Loyola University Chicago

Department of Theology

Study Abroad

Religion is a vital, living phenomenon that spans the globe. And studying religion at Loyola can mean travelling around the world in search of insight and knowledge. Loyola's Rome Center offers a fine study abroad opportunity that allows students to explore in deep religious history of Rome and the Vatican City. Students get the opportunity to travel further afield and many have gone on to see the great mosques of Istanbul, Turkey, or Cordova, Spain, or even on to the vibrant life of Israel. Theology and religious studies courses, mostly at the 100 level, are offered at the Rome Center.

There are many other study abroad programs that students may pursue. Loyola has a number of agreements with foreign universities to accept our students for a course of study. Among these universities are Alcala in Spain and Hebrew University in Tel Aviv. Students interested in summer programs in Rome (Hebrew language studies or Italian language, literature in translation, and theology), Spain, and France should contact the Department of Modern Languages. Students concerned with ecology and ethics might consider the programs outlined by the Environmental Studies department. Students in the College of Arts and Sciences should contact the Dean's office at 508-3500 for information about other programs. Students from across the University can contact the Office of International Affairs for more information. Students interested in a year in India should contact the University of Wisconsin for it has a number of well respected programs for undergraduates to study languages and various aspects of cultural and religious life.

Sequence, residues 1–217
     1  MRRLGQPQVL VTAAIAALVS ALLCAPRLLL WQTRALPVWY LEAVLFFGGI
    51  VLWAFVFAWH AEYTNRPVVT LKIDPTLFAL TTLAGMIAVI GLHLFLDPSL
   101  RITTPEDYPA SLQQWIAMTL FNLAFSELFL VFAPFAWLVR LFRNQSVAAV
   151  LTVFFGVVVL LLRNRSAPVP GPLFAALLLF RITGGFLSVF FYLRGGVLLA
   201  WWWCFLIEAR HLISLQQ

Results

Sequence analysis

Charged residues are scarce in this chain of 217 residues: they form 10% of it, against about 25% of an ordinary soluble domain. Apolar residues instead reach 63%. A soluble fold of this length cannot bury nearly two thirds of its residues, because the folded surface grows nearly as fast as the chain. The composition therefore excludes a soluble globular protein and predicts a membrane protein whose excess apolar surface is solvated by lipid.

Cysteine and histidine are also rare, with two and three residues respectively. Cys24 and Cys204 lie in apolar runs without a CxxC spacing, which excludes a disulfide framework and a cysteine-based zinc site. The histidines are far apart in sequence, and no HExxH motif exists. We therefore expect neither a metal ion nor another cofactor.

Students interested in shorter trips should consult with Loyola's University Ministry, which regularly offers plunge trips in Chicago, the United States (like Appalachia, south Texas), and Central America (like Belize and Guatemala). Likewise the Philosophy department sponsors a summer course in ethics that takes students to Africa for two weeks to examine development and ecological issues.